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|Night Ranger Page: 1|
Music rock Night Ranger band pictures (pic) and photo gallery, albums covers pictures.
Formed: 1982 San Francisco, California, United States.
The group's nucleus formed in Rubicon, a pop group led by Jerry Martini of Sly and the Family Stone fame. After Rubicon's demise in 1979, bassist Jack Blades (b. 1954) formed a hard rock trio with drummer Kelly Keagy (b. 1952) and guitarist Brad Gillis (b. 1957). Performing under the name Stereo, the threesome later added keyboardist Alan Fitzgerald (b. 1949), a former member of Montrose and the offstage keyboard player for Van Halen 1991-1995 & 2004, Gamma, and the Sammy Hagar group. Fitz soon recommended enlisting a second virtuoso guitarist, Jeff Watson (b. 1956), who led his own band in Northern California. The seeds were sown for a new melodic hard rock band, initially called simply Ranger.
In 1982, the band subsequently changed its name to Night Ranger after a country band, The Rangers, claimed a trademark infringement. By this point, they had recorded Dawn Patrol for Boardwalk Records, opening for ZZ Top and Ozzy Osbourne; the latter performer employed Brad Gillis as an alternate guitarist for the recently deceased Randy Rhoads. When Boardwalk folded under, producer Bruce Bird secured Night Ranger a deal with MCA Camel in 1983.
The band's modest hit single, "Don't Tell Me You Love Me," received a boost through its MTV video airplay and managed to peak at #40 on the Billboard Hot 100 chart. Jack Blades' puppy-dog appeal seemed to win over female fans, while Gillis and Watson's duelling guitars pleased the same male audience that guitar-driven bands such as Van Halen had already begun to cultivate. Their first albums struck a balance between hard rockers laden with sexual innuendo, and accessible pop ballads to guarantee airplay.
Night Ranger's hold solidified with their second album, "Midnight Madness," which featured the ballads "When You Close Your Eyes" and "Sister Christian," written and sung by Kelly Keagy for his own sister. It became a cautionary anthem for teenage girls across a conservative America, warning them not to "give it up before their time is due." The album's success pushed the band from opening act to headliner status by the summer of 1984.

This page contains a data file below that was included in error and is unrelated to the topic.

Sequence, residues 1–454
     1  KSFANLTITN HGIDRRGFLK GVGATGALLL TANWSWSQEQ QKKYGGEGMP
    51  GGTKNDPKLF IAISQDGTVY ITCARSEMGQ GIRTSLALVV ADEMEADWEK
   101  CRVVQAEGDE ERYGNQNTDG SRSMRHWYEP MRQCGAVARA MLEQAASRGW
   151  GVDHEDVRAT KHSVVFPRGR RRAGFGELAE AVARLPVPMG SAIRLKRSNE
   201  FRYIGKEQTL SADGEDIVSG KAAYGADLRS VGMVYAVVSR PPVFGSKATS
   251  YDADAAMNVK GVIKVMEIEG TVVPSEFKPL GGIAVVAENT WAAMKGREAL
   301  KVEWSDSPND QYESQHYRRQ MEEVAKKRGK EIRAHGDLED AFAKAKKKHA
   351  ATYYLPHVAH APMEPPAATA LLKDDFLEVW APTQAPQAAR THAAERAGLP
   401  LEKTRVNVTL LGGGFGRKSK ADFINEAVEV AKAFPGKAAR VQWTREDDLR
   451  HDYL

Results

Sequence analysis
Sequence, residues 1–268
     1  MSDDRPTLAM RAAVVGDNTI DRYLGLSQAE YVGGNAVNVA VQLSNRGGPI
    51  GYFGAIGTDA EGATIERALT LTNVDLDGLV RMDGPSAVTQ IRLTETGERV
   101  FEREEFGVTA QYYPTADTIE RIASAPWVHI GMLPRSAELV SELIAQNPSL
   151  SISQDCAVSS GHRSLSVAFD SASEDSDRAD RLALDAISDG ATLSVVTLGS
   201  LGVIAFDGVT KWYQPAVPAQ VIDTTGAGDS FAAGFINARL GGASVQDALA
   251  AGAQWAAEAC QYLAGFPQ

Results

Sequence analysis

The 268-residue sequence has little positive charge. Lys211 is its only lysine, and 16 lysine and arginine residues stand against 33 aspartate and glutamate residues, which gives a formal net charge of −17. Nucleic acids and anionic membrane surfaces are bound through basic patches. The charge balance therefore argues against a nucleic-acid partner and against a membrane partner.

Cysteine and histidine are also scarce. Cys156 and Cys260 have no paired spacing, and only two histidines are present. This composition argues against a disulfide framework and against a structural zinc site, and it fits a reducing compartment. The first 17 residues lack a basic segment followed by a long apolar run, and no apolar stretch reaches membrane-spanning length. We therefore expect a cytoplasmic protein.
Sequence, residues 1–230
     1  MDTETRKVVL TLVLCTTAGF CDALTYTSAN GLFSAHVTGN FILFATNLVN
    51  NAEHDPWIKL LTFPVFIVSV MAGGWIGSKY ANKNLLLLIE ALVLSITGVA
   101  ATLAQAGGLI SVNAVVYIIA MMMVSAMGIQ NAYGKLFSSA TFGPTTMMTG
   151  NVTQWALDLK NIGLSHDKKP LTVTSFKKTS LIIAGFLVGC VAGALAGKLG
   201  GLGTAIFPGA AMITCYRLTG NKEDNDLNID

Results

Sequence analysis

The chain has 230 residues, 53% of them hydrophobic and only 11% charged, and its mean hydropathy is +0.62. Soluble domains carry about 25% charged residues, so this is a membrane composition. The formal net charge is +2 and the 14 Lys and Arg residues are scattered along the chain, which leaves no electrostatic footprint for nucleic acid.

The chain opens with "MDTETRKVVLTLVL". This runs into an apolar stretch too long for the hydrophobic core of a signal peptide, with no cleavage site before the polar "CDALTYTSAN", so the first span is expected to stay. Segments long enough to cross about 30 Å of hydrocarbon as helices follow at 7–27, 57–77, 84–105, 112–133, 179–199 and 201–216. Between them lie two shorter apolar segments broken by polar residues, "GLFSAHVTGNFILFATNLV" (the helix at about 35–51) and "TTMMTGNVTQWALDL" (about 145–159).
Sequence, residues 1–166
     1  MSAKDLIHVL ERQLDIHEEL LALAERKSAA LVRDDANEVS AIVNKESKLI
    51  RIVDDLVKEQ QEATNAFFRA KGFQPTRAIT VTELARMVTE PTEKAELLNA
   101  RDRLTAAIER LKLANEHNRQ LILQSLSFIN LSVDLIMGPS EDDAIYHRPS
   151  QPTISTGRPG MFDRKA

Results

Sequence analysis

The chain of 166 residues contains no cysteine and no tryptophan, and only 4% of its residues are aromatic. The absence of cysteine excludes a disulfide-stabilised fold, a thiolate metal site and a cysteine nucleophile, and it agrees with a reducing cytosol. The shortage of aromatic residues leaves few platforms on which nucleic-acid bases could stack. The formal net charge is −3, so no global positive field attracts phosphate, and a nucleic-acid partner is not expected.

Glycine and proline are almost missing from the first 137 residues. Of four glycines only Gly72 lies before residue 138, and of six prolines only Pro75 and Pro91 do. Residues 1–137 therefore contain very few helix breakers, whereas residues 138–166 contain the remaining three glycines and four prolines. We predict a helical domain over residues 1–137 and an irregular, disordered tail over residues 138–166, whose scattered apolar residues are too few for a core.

With "(You Can Still) Rock In America," Night Ranger also appealed to the patriotic themes pushed forward by both Ted Nugent and Sammy Hagar. It also paid off for the band, who netted two Top Twenty singles and a Top Five hit with "Sister Christian," the song which would later prove the band's milestone.
In 1985, Night Ranger continued headlining their own tours in support of "Seven Wishes," which followed a very loose concept of the band flying across the ocean in a B-25 Mitchell bomber. The "Four in the Morning" video even placed them in an Amelia Earhart scenario, reporting the entire band lost at sea. Night Ranger was blessed with hit singles once again: "Sentimental Street" (#8; sung by Kelly Keagy), the mid-tempo "Four In The Morning" (#19), and the acoustic-flavored "Goodbye" (#17), as the band went in a more obviously commercial direction. In 1986, they also branched out into soundtracks, recording or contributing songs to several teenage films, such as the Anthony Michael Hall vehicles "Out of Bounds" and "Sixteen Candles."
In 1987, they co-wrote the title theme to the Michael J. Fox film The Secret of My Success, which served as the lead single from Big Life. Unfortunately, Night Ranger faced stiff competition from glam bands such as Bon Jovi and Poison, while overall tastes had begun to shift toward "bad boy" groups, such as Guns N' Roses. Despite a collection of fairly mature songs, including the nuanced "Rain Comes Crashing Down," none of the chosen singles from Big Life hit the top 40. Night Ranger openly quarrelled with their label over choosing "Hearts Away" in lieu of one of the heavier songs. The label expected another Top 10 ballad, but the song failed to catch on during Night Ranger's 1987 tour - a vigorous series of dates across North America and the Caribbean.
In 1988, Man In Motion promised a return to earlier form, with more hard rock to anchor the group's sagging fortunes. However, Alan Fitzgerald left during the recording, requiring a touring keyboardist to be hired. Furthermore, none of the singles were distinguished enough to gain radio airplay, and MCA once more chose ballads over rockers. As a result, "Man in Motion" became the first Night Ranger album not to achieve gold or platinum status. After a mediocre tour, Jack Blades left Night Ranger to form the popular supergroup Damn Yankees with Ted Nugent and Tommy Shaw of Styx.
Meanwhile, Kelly Keagy and Brad Gillis enlisted Gary Moon to replace Jack Blades as bassist, returning to trio format after Jeff Watson left to renew his solo career. The "unofficial" Night Ranger recorded one album, "Feeding Off The Mojo," which did not improve the band's profile despite a rigorous tour schedule in the early 1990s. In 1996, Jack Blades returned to Night Ranger, which reformed with all five original members for two studio albums on CMC Records, who engineered a similar comeback for Styx. While Neverland and Seven have not recouped the band's heyday, they have demonstrated that Night Ranger still had some longevity and new ideas. The band tours sporadically in between solo albums and projects. Jack Blades also serves as chief counselor for the Rock and Roll Fantasy Camp.
Night Ranger continues to play the summer festival circuit. In 1999 they joined other 1980s band in the second installment of the Rock Never Stops Tour.
In 2004, Alan Fitzgerald was replaced by Michael Lardie. Fitz handled offstage keyboards once again for Van Halen.